Town leaders raising doubts about early voting proposal

Town leaders raising doubts about early voting proposal

CUMBERLAND – A state proposal to offer early voting during the 20 days before official election dates would cost Cumberland at least an added $20,000, Town Clerk Sandra Giovanelli said this week.

Calling it an “unfunded mandate” by state officials, Mayor Bill Murray and a coalition of mayors and administrators are readying opposition to this plan that will require hiring personnel and record-keeping challenges during one of the busiest times in Town Hall.

Giovanelli’s $20,000 is based on the current wage paid for election clerks and doesn’t include the cost of renting space or other expenses.

The bill, House 5700, now before House Judiciary committee was introduced by Rep. Christopher Blazejewski of Providence with support from Rep. Deborah Ruggiero, of the East Bay, in addition to others.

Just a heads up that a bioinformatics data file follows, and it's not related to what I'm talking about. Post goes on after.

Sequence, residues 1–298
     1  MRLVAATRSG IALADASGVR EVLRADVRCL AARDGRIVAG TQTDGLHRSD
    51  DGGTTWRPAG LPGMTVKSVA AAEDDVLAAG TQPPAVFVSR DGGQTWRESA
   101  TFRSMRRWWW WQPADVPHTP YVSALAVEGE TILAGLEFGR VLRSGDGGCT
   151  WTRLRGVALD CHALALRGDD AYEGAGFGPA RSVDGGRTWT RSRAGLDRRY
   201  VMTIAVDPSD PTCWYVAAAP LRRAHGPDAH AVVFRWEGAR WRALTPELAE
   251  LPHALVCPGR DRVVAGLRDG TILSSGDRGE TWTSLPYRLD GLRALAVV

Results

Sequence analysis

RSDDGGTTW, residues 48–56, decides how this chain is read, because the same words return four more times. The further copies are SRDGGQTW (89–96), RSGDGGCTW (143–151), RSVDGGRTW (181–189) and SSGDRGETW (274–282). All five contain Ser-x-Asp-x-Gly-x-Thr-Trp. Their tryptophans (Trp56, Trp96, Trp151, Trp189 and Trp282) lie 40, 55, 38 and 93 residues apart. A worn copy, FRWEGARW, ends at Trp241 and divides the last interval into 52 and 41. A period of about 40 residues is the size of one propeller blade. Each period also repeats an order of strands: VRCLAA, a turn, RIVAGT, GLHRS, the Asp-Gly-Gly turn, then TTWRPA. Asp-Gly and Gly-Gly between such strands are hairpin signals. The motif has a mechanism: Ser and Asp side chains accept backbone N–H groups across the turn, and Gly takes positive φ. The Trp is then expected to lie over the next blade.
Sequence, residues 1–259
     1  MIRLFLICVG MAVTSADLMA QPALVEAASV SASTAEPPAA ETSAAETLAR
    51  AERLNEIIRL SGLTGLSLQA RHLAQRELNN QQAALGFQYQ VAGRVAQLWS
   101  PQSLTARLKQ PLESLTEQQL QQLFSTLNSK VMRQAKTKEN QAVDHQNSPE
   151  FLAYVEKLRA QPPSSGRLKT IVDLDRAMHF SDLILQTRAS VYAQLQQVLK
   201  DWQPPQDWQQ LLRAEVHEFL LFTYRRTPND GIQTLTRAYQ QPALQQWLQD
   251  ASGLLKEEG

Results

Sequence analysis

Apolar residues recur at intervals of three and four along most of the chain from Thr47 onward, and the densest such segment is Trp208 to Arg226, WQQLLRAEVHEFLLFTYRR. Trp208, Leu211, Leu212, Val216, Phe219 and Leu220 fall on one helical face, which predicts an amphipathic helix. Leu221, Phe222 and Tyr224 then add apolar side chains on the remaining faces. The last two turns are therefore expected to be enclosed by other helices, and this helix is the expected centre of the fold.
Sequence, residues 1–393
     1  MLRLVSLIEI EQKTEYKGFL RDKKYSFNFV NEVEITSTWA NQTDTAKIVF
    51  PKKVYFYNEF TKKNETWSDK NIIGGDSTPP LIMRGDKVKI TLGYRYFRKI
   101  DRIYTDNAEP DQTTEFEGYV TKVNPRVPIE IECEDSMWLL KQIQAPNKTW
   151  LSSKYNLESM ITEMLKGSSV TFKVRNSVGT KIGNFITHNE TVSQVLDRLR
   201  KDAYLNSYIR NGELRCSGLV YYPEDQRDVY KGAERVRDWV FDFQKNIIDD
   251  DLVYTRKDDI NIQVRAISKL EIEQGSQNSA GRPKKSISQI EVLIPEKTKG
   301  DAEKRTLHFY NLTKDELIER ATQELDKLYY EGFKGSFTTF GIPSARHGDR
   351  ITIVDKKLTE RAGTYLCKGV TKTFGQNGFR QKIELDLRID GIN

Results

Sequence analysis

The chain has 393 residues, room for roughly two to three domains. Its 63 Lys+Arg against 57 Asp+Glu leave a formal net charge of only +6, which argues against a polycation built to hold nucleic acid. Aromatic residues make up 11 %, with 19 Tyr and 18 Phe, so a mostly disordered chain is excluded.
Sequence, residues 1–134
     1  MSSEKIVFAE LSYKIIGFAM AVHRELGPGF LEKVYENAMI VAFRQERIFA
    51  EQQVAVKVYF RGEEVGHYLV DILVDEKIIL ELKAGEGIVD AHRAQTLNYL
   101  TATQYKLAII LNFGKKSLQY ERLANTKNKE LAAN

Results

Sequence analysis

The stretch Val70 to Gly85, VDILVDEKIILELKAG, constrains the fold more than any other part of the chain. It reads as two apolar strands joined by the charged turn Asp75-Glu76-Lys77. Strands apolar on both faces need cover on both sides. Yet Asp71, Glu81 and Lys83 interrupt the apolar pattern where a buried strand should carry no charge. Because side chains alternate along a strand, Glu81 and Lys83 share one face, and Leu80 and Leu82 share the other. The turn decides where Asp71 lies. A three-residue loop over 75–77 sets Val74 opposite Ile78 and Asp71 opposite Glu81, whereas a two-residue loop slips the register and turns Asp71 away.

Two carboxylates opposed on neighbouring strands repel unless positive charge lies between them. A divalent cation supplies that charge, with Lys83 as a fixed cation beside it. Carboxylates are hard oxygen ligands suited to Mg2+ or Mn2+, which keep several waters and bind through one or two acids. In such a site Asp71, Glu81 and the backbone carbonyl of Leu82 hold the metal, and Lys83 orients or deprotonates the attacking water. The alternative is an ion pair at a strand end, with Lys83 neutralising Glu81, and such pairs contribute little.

It calls for every town and city to create at least one polling place that allows residents to cast ballots during the 20 days prior to an election, including weekends.

Giovanelli says residents seem to like the early voting option and she’s not opposed to the concept.

This past November saw 496 emergency ballots cast, up from 103 in 2014 she said, and the 152 cast in 2012, the last presidential election.

Mail ballots increased the total pre-election balloting in 2016 to 1,328 in Cumberland.

But the town clerk’s concern with the new bill is that rules for running the site are up to the state Board of Elections and she says officials there have already indicated to the Rhode Island Association of City and Town Clerks Association that a site apart from a town hall will be needed.